- The overall return on assets for all segments + corporate is about 11%, and my initial thoughts are, is there potential here for righting the ship? Could the company restructure to scale down and/or sell off redundant corporate assets not actively related to the business of these three segments in order to improve results and/or unlock value? Perhaps this is where the eventual value proposition is?
|Income Stmt||6/30/2011||6/30/2012||6/30/2013||6/30/2014||6/30/2015||CAGR 1||CAGR 2||CAGR 3||CAGR 4||Comments|
|EBIT||15,495||13,292||14,330||15,288||13,732||-14.22%||-3.83%||-0.45%||-2.97%||X item in 2012 reduced EBIT by $1.6B|
|Other Income (Expense)||333||185||942||206||231|
|EBT||14,997||12,785||14,692||14,885||13,437||-14.75%||-1.02%||-0.25%||-2.71%||X item in 2012 reduced EBT by $1.6B|
|Tax Rate %||22.00%||27.13%||23.08%||21.35%||22.62%|
|Net Income Con||11,698||9,317||11,301||11,707||10,398||-20.35%||-1.71%||0.03%||-2.90%||X item in 2012 reduced NI by $1.6B|
|Net Income Disc||229||1,587||101||78||-1,172|
|EBITDA less CAPX||15,027||12,532||13,304||14,581||13,179|
|D + E - Cash||212,074||216,737||211,067||259,073||262,797|
|Segment Analysis 2014||Beauty||Grooming||Health||Fabric||Baby||Corporate||Total||Comments|
|% of total||23.48%||9.64%||9.39%||31.37%||25.22%||0.89%||100.00%||Beauty, Fabric and Baby account for 80% of sales|
|+ Net Intx & Other||0||0||0||0||0||403||403|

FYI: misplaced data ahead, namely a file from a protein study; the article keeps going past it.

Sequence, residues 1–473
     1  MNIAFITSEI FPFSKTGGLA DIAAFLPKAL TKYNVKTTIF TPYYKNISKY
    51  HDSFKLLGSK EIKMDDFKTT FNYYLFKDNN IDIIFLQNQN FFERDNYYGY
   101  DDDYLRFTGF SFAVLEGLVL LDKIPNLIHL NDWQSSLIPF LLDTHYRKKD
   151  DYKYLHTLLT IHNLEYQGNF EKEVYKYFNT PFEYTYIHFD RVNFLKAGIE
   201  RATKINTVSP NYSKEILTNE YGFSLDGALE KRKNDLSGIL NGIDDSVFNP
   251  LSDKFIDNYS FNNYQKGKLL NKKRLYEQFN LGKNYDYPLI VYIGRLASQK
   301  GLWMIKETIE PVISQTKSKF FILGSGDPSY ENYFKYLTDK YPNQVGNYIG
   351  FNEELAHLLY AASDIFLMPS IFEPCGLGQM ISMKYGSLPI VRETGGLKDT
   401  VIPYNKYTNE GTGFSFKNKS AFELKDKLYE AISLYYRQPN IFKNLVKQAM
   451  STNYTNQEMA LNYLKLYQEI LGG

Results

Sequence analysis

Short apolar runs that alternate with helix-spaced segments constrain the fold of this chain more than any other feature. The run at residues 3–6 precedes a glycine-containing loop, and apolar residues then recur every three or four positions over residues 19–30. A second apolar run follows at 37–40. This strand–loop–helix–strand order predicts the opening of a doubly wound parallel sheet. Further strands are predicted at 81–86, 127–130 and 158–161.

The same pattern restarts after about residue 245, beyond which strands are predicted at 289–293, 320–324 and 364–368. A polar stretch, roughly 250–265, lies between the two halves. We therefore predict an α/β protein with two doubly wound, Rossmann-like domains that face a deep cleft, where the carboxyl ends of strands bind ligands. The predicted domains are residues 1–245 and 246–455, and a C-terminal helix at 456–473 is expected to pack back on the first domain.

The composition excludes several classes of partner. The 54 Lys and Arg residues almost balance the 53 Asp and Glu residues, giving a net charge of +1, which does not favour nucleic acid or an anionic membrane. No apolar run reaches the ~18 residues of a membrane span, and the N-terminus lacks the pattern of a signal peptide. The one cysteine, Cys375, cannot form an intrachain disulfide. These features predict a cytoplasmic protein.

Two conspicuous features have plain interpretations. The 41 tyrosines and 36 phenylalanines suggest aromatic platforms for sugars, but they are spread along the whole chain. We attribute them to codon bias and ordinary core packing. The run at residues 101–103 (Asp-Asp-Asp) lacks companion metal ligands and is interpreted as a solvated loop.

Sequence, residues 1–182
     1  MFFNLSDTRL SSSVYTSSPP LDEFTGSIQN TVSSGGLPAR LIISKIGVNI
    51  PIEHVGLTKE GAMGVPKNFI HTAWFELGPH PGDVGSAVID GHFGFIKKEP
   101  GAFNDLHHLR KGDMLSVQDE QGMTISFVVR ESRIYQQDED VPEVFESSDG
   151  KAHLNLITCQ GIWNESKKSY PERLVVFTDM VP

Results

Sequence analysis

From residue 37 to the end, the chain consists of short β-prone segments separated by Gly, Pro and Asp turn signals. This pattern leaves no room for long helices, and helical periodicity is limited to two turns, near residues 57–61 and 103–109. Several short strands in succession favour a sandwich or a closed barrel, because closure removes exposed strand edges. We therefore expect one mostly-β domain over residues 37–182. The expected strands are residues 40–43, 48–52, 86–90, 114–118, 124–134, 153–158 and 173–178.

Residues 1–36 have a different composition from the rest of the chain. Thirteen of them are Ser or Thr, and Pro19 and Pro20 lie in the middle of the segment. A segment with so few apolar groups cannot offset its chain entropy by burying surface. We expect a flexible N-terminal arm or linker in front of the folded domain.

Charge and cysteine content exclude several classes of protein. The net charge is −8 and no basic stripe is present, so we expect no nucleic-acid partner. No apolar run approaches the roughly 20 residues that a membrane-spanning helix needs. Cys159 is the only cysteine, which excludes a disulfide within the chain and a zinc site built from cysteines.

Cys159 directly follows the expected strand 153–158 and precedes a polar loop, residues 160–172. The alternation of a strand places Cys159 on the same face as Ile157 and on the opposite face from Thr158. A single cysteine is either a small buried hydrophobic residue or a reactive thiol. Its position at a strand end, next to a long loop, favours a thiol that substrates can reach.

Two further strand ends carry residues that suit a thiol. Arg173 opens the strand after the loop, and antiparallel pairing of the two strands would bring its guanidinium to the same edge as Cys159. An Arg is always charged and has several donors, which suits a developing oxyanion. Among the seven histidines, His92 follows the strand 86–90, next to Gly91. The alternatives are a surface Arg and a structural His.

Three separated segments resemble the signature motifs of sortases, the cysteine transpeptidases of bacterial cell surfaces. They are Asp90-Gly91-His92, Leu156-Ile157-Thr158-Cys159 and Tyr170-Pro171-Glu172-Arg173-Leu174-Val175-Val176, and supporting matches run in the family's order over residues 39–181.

|EBIT||3,530||2,589||1,597||4,678||4,310||-1,416||15,288||Segment EBIT before corporate = 16.7B vs 15.288B|
|% of total||23.09%||16.93%||10.45%||30.60%||28.19%||-9.26%||100.00%|
|Return on Assets||41.16%||10.89%||27.16%||41.09%||39.38%||-1.69%||10.60%|
P/E vs Payback in Years
This is my own rudimentary attempt at determining the required growth rate an investor would need to earn on initial earnings in order to get repaid his/her initial purchase price in terms of earnings in 10 years.
Currently, P&G's adjusted P/E (I'm excluding ongoing restructuring charges) is about 18x. For a company exhibiting minimal to deteriorating growth, I think this P/E is too high. On a simplistic basis, by paying 18x normalized earnings today, an investor will get repaid his/her purchase price in between 15 and 18 years (almost 4% of total return is dividend yield, so part of total return required is reduced by the dividend yield).
If an investor wanted to be repaid in 10 years, I'd hazard a rough guess that the P/E should be no more than 14 or 15 times normalized earnings. This would put the target price at between $54 and $58.
Here's my analysis:
|Ticker||Price||EPS yr 2015||P/E|
Another one of my overly simplistic tools, but which has a place in my toolbox. I've looked at the historical PEG relative to PE over time. My margin of safety is achieved by buying at the average of the lowest PEG mutiples over the last 15 years. I get a target price of $62.34.
|Prem/disc to historical PEG||113.0%||147.3%||138.3%||114.5%||117.1%||98.8%||99.4%||92.6%||79.4%||70.0%||79.0%||76.7%||91.2%||93.4%||91.8%||97.4%||62.34|
Comparative Analysis Amongst Peers